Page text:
FT editor calls for an end to “unchained capitalism”
“We cannot allow unchained capitalism to run on in the hope that it will leave behind scraps for the rest of society. The time of trickle-down economics is over.”
Lionel Barber, editor of the Financial Times, on Wednesday called for reform of the current economic system, as the British Academy published the second report in its Future of the Corporation programme.
Speakers at the event to launch the publication, held at The Guildhall in London, were unanimous that the scale of the problems that the world currently faced meant that businesses were at a unique point in their history and needed to change rapidly.
“There’s a fierce urgency... This is really a crisis point,” said Lady Lynn Forester de Rothschild, CEO of the Coalition for Inclusive Capitalism.
The solution, according to Professor Colin Mayer, the academic lead of the programme, was a reconception of the role of business around the notion of purpose.
Principles for Purposeful Business: an Agenda for the Future of the Corporation in the 2020s sets out, according to the British Academy, how to deliver a “framework for the future of the corporation” which the authors identified a year ago in the first publication. They argue that a “purposeful business” would organise itself on all levels according to its purpose and they propose eight principles encompassing corporate law, regulation, governance, ownership, measurement, performance, finance and investment.
“It’s time for all business leaders to raise their eyes from the bottom line and look around them,” said Barber. “The current context demands action, if only for self-preservation.”
“Fortunately," he added, “the prescription is hiding in plain sight… we used to call it plain good business.”
That means, he said, treating workers suppliers, customers, the environment, and communities not as obstacles to profit, but as stakeholders whose interests needed to be considered next to the bottom line.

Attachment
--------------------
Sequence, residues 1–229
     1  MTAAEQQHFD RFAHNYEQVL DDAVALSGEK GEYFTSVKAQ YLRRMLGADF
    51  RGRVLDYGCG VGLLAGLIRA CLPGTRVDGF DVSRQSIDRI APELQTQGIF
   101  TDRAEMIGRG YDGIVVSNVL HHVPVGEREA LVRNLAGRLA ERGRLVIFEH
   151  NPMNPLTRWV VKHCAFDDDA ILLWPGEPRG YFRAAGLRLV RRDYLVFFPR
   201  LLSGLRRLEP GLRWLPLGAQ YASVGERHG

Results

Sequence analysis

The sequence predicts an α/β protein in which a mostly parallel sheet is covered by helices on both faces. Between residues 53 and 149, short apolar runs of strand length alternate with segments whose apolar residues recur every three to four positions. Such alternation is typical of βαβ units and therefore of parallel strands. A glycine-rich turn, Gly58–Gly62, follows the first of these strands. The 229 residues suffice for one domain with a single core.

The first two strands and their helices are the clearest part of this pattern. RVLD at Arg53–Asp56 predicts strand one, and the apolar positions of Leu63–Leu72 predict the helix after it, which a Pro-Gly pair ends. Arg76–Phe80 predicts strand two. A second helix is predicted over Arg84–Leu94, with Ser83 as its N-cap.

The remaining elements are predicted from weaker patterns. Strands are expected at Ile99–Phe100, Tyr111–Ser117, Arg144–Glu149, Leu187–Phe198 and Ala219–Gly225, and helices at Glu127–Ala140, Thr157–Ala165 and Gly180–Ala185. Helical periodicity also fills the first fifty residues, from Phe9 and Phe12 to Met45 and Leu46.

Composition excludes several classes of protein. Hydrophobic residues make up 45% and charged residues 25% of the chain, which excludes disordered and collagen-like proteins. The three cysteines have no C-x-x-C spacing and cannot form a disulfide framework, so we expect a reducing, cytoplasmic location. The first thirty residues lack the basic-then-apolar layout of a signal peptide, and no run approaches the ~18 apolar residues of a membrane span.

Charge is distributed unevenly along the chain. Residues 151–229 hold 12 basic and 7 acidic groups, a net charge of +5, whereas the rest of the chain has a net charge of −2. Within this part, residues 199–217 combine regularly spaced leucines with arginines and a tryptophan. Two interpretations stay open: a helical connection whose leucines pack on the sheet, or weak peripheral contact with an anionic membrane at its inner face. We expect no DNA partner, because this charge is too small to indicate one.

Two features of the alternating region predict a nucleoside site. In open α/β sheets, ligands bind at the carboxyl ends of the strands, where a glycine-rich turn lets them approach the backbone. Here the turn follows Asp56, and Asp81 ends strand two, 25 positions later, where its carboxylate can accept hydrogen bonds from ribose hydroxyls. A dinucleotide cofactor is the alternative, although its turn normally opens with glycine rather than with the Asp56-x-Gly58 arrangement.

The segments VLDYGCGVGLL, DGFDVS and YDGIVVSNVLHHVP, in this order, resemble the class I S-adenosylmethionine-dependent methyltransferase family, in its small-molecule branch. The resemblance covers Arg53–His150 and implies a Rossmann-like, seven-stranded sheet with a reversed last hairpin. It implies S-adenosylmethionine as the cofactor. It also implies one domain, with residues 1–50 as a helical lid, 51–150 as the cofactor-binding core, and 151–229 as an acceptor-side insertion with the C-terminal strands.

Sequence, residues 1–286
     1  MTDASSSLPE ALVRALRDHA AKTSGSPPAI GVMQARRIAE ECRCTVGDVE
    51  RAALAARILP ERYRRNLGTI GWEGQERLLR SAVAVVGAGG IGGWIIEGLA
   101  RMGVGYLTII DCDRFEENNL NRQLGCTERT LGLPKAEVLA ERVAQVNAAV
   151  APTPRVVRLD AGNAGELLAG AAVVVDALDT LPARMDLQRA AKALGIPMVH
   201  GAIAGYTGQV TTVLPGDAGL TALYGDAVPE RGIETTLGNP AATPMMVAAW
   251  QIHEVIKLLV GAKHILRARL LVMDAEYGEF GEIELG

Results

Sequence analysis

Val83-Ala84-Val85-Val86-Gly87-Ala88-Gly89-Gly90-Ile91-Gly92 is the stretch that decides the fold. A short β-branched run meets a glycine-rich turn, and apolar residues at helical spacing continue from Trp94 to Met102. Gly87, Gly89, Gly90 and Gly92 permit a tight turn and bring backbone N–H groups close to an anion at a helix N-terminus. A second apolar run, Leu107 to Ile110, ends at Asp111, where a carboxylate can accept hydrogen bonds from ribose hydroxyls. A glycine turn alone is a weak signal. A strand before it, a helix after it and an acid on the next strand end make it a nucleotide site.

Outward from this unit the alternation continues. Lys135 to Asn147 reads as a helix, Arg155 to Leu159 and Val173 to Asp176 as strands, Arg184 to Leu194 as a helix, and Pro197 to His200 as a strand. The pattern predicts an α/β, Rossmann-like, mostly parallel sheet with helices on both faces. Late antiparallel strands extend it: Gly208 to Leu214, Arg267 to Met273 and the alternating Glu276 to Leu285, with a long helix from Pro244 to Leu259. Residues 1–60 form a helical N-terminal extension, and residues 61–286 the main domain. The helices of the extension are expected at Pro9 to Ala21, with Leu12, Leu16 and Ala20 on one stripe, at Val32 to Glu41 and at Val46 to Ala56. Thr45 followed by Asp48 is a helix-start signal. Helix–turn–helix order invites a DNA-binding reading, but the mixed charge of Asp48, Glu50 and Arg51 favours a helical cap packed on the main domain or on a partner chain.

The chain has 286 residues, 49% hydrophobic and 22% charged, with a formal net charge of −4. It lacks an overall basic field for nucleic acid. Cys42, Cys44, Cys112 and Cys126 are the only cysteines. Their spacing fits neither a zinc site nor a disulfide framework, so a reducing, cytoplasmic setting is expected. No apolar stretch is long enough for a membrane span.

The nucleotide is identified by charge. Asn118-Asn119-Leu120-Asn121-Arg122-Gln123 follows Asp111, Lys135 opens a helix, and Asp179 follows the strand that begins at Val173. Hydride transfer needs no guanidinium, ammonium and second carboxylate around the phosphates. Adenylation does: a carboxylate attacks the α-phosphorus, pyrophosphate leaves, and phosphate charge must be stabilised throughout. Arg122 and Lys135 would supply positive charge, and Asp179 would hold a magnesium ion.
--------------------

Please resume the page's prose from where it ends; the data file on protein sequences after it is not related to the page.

Barber is currently the UK’s longest serving national newspaper editor, although he is stepping down in the new year. Earlier this year, the Financial Times launched a campaign called The New Agenda, calling for capitalism to be “reset”.
Pointing to history, Barber cited Theodore Roosevelt’s “Square Deal” speech in 1905 where the US president said the “true believer in capitalism” should welcome every effort to secure fair dealing by capital toward the public and toward the employee.
Another speaker, the economist and author Professor John Kay, highlighted a UK example: in the 1980s, British chemical company ICI’s annual report emphasised the company’s purpose in terms of the “responsible application of chemistry and related sciences to business”. By the 1990s, however, the focus of the annual report was solely on creating shareholder value. (The company was taken over in 2008.)
“Reforming the corporation is not about tacking on a laundry list of nice-to-have initiatives,” said Barber. “The prescription is a fundamental shift in how companies think about their objectives.”
Responding on Twitter to the publication launch, which was announced on BBC Radio 4’s Today programme on Wednesday morning, Peter Holbrook, CEO of Social Enterprise UK, highlighted the lack of acknowledgement of social enterprise in the debate. “So we hear we need urgent reform of capitalism on @BBCr4today with @BritishAcademy_ . Yet no reference to the UK’s 100,000 #socent community, worth £60bn that has social purpose locked in. One of the fastest growing parts of our economy. C’mon keep up!”
UK utility company Anglian Water changed its articles of association in early 2019 to emphasise its purpose in terms of benefit for shareholders, long-term value for its customers, region and communities and positive outcomes for the environment and society. This case was discussed during the British Academy launch event as an example of the direction in which corporations should be moving.
Anglian Water stipulates its directors’ duties as promoting the purpose of the company and carrying out operations in accordance with its statement of responsible business principles. This puts a legal requirement on its board of directors to take account of the impact of the company’s decisions on society and the environment, as well as their financial implications.
Alex Plant, the company’s director of regulation, said: “This doesn’t remove the profit motive, but puts it alongside.” He added that other utility companies, including Welsh Water and Severn Trent Water were also taking steps in a similar direction.
Read Lionel Barber’s entire speech on the Financial Times website.
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